Titanic: Birth of a Legend (2005)

TV Movie   |    |  Documentary, Drama

Titanic: Birth of a Legend (2005) Poster

Dramatised documentary which follows the lives of the men who designed and built Titanic and her sister ship Olympic at the Harland & Wolff shipyard in Belfast, showing the violence, ... See full summary »


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27 February 2007 | de_niro_2001
| The best dramatised documentary I have so far seen
Just a few years ago it wouldn't have been feasible to have made this documentary. Through the wonders of CGI we can see the Belfast skyline as it was in 1907 and even a street with tramcars running along it. The recreation of the ship does vary a bit though. Largely because of out of scale water in some scenes the ship looks like a model. But the scene where she is being towed out for her sea trial and the tugs cast off their cables is incredibly realistic. The actors bear a closer likeness to their real life counterparts than in James Cameron's film except for Captain Smith. Alan Rothwell is a bit too short but on the other hand Bernard Hill made him sound too scouse. The documentary pulls no punches about how tough life was for ordinary people in the early 20th century and also that it was long before health and safety at work. It also depicts the sectarianism that has blighted Northern Ireland almost up to the present time. It's not just a documentary about the history of Titanic, it's a social documentary.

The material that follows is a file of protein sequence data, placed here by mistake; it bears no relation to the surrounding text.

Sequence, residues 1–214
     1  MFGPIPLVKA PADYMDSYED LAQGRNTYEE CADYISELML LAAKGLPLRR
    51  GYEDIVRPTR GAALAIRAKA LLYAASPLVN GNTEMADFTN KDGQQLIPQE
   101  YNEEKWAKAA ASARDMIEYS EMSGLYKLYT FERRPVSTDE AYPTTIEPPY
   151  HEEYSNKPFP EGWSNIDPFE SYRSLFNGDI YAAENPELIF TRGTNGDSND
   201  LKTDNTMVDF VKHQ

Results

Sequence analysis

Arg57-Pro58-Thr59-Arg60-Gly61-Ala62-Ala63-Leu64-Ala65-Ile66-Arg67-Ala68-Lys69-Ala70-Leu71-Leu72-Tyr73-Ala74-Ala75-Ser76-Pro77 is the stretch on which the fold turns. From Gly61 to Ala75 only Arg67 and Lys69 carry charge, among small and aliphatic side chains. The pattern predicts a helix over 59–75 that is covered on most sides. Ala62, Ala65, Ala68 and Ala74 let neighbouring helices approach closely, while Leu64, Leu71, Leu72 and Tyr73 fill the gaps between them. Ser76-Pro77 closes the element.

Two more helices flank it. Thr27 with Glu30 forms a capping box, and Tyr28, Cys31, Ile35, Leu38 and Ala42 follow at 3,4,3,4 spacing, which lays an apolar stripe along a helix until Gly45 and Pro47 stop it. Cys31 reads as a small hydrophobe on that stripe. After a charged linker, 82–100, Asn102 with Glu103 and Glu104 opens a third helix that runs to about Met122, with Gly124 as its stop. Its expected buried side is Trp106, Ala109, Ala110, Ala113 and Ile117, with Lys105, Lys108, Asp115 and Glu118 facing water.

Did You Know?


In the documentary, Bruce Ismay seems to name the first ship "Olympic" at random, though he actually had a real reason for naming the first of the two ships that name. Ismay's father had planned for a ship named "Olympic" to be built before he had died, and the order for that ship was never fulfilled. Ismay chose "Olympic" as the name for the new class of liners in honor of his father's wish.


Liam Flaherty: Would you look at her, Alfie? Titanic's... magnificent! We really built all this?
Alfie Cunningham: You, me, and one or two more. She didn't build herself, that's for sure.
Liam Flaherty: Well, isn't she grand? Solid, like she's always been here.
Alfie Cunningham: And always will be.
Alfie Cunningham: Maybe she's too ...


As the actor playing Lord Pirrie is reviewing the Titanic's blueprints in the conference room (in the scene tiled "January, 1910) for Bruce Ismay and Alexander Carlisle, when discussing accommodations for the First Class Passengers he mentions "39 private suites" , each having its own bathroom.

In reality, according to deck plans, forty-three deluxe "Parlor Suites" on the RMS Titanic had their own private built in bathrooms; the remainder of the Titanic's First Class cabins did not have their own built-in bathrooms and so the majority of First Class Passengers shared communal public bathrooms for bathing, use of toilet facilities, etc.

Alternate Versions

An edited 43 minute version of the documentary aired on the US Discovery Channel in 2005.


Plot Summary


Documentary | Drama


Release Date:

5 May 2005



Country of Origin

UK, Germany

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